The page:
‘From Russia with Love’: SocGen’s sober revamp could use Russian vodka shot

A view shows a board advertising Rosbank on the roof in a building in Moscow, Russia, July 4, 2016. Source: Reuters/Maxim Zmeyev

Napoleon’s 1812 Russian invasion ended in defeat and a painful withdrawal. French bank general Frederic Oudea’s eastern campaign can have a happier denouement: retreating from Moscow might earn the chief executive of Société Générale a handy war chest and boost meagre group profitability.

SocGen shares have nearly doubled from historic lows since September. But they still trade at just 40% of their book value, and analysts are pencilling in a miserable 3.5% return on tangible equity this year, according to a Web News Observer calculation. Oudea is merging the French unit’s retail brands, and may also announce a broader revamp later this year.

One way to boost the group’s appeal with investors is to get out of Russia. True, Rosbank has been a long-time Oudea project: SocGen acquired a controlling stake in the Moscow-based lender in 2008. It may also seem odd to sell a business which generated a 10% return on equity in 2019.

But SocGen’s original justification for the investment – strengthening economic ties between Europe and Russia – hasn’t fared well, given recurring European Union sanctions on the Kremlin since 2014. Russia’s dicey political environment pushes up SocGen’s cost of equity, depressing its valuation. And there are better places for the capital: the Russian market is dominated by large local players, limiting growth.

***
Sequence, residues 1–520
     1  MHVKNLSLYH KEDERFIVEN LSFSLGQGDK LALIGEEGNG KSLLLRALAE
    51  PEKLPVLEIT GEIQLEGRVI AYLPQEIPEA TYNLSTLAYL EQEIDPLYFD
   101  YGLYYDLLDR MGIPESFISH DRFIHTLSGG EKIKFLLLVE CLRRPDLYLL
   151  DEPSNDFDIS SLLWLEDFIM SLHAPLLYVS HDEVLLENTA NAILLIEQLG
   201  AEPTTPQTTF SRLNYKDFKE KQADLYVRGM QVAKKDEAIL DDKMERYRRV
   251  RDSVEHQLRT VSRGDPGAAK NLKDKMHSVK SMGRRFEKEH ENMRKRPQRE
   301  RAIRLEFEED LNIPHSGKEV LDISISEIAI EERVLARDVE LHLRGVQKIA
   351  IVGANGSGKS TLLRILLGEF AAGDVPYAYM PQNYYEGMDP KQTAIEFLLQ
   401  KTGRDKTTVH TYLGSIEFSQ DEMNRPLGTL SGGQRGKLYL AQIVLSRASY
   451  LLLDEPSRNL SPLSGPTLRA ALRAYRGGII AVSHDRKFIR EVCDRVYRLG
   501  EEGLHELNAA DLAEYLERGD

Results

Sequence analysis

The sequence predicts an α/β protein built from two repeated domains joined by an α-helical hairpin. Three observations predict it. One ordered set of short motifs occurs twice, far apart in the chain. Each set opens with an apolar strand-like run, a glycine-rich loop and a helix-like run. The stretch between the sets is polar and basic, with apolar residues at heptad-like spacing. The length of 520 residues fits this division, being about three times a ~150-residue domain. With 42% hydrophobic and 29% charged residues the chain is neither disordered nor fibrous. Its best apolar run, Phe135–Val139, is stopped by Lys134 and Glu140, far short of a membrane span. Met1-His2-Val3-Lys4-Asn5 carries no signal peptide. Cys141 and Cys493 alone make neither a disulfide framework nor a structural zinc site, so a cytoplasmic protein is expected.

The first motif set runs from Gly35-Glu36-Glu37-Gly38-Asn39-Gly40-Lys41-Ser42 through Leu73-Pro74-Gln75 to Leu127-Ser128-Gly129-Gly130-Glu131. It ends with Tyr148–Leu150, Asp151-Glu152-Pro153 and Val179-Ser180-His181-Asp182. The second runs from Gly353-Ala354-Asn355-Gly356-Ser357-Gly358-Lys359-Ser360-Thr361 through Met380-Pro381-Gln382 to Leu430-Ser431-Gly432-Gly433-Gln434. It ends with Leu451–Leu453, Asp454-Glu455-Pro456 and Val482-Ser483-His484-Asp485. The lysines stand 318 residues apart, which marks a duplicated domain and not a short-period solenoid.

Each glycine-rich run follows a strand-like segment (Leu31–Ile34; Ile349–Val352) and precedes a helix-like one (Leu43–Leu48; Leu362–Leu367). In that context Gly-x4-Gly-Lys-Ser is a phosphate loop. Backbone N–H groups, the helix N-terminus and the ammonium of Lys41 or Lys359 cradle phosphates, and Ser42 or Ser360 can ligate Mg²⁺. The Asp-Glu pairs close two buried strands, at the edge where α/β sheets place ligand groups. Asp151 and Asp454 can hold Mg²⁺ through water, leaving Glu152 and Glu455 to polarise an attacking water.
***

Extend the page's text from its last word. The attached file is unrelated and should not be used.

Still, Rosbank’s solid investment bank and retail franchise could make a tempting morsel. True, the unit’s pre-pandemic return of 10% was below a cost of equity that analysts at BCS Global Markets peg at around 14%. That might imply a valuation of around 70% of book value, or 2.1 billion euros. But a large domestic buyer, such as Gazprombank, could extract substantial synergies. Assume an acquirer can take out 30% of Rosbank’s costs, worth 1.1 billion euros once taxed and capitalised. That would justify a purchase price equal to Rosbank’s book value of 2.9 billion euros.

Oudea could use that money to grow in more lucrative eastern Europe or Africa. His international retail business, for example, made a 16% return on equity before Covid-19 hit. The Czech and Romanian divisions both cranked out returns of over 10% during pandemic-ravaged 2020. While a Russian exit might look like retreat, it would represent a strategic victory.